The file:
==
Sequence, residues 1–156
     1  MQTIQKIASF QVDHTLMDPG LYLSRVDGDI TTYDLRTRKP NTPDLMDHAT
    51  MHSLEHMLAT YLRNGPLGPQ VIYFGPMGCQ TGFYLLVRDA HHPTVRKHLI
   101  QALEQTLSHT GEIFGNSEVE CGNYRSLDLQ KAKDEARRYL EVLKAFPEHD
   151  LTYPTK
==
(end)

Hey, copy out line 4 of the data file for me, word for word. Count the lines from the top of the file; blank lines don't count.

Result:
   101  QALEQTLSHT GEIFGNSEVE CGNYRSLDLQ KAKDEARRYL EVLKAFPEHD